This illustrates that the question of what will be required to keep a PA alive is far from straightforward and there may be a number of matters to take into consideration.

There is case law in an enforcement context which supports the position that fit out without actual occupation is sufficient for a change of use to have occurred. However, how much earlier a change of use may be said to have occurred will be a finding of fact and degree. Because this case law has arisen in the enforcement context it is unclear to what extent it can be applied in this context. 

The case law derives from circumstances where either the appellant wishes to show that residential use has taken place in order to gain exemption from enforcement action, or in other cases where it is argued that residential use has not taken place at all. The cases need to be considered with an element of caution therefore. The case law may however provide assistance in assessing at what stage a change of use may be held to have occurred. 

What is the extent of the works it will be necessary to undertake to each unit of accommodation?

In summary the cases appear to suggest that, internally the physical condition of the relevant building is a key consideration. It must have at a minimum certain essential facilities required for residential use including, toilet, internal water (washing facilities and drainage for waste water), and adequate washing facilities for food preparation.

However, where external works are contemplated, which affect the external appearance of the building then planning permission will be required for those works. 

What is the relevant planning unit?

Whether a material change of use has occurred will also be subject to the concept of the planning unit. Another way of looking at this issue is, if the developer's intention is to subdivide a building into flats (e.g. with multiple units on each floor), is it sufficient to convert one unit to residential purposes to secure permission/ keep permission alive for the whole office block, or must all the flats be converted for residential use before 30 May 2016?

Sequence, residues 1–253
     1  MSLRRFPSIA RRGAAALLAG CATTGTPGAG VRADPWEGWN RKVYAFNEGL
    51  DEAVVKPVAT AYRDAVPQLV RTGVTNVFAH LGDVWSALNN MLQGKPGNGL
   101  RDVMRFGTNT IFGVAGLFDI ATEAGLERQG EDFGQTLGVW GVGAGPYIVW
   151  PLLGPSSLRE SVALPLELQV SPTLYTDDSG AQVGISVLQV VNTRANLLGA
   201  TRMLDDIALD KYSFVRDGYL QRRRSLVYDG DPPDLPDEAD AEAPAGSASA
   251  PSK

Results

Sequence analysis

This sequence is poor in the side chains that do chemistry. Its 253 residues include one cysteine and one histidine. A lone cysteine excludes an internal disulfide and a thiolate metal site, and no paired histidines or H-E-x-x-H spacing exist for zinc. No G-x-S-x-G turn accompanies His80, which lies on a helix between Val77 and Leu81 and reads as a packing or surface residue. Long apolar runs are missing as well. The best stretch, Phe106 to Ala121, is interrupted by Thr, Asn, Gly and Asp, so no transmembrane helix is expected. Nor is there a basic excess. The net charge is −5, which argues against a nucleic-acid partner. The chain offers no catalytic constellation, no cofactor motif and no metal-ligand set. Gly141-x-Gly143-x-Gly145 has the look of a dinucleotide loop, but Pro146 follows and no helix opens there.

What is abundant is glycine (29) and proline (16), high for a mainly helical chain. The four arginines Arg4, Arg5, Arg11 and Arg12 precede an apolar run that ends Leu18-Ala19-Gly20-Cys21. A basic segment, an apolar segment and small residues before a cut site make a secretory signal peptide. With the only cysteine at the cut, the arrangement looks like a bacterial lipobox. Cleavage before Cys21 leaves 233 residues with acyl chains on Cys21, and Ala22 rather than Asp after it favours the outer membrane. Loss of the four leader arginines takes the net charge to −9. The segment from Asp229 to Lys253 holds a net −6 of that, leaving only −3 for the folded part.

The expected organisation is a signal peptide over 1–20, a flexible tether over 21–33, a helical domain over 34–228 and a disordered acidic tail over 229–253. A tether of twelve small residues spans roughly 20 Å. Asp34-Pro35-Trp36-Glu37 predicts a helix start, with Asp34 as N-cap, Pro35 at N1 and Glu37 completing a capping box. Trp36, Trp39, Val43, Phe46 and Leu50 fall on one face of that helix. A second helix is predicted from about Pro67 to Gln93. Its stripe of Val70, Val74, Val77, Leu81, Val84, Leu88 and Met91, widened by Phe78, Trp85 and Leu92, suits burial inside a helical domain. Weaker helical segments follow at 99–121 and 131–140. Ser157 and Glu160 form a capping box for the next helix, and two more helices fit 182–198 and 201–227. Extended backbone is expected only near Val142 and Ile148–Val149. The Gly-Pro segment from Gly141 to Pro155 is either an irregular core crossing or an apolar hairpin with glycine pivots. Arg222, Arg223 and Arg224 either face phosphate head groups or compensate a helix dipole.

The planning unit concept causes considerable practical difficulty, because the courts are insistent that each case is to be considered on its merits as matters of fact and degree. However, the general rule has always been that the materiality of change should be assessed in terms of the whole site concerned, normally the whole of the area in the same ownership or the same occupation. The consequence of applying this rule is that the larger the unit of ownership or occupation, the less likely is a change in the use of part of it liable to constitute a material change in the whole. On this basis it follows that with a larger unit, to ensure that a change of use can be shown to have occurred throughout the whole planning unit, the necessary conditions for establishing a residential use should be met in respect to the whole building. However, the whole building may not need to be converted in order for residential use to be established in part only of it, e.g. on one floor.

Our thoughts

The current uncertainty means that funders are taking a precautionary approach and are reluctant to lend on conversion projects where there is no certainty that the build can be finished and units marketed and occupied by 30 May 2016. This is exacerbated as current shortages in labour and materials mean that developers face a longer lead in time to programme the necessary works.

The changes to implement the permitted development right were made against the background of the Government wishing to speed up the delivery of housing. In this context the suggestion that the development must be completed by 30 May 2016 is aligned to the Government's goal. 

With no extension of the PD right currently in sight, time will be short to bring these schemes forward and developers will be well advised to consider in good time what is needed to keep their PA alive.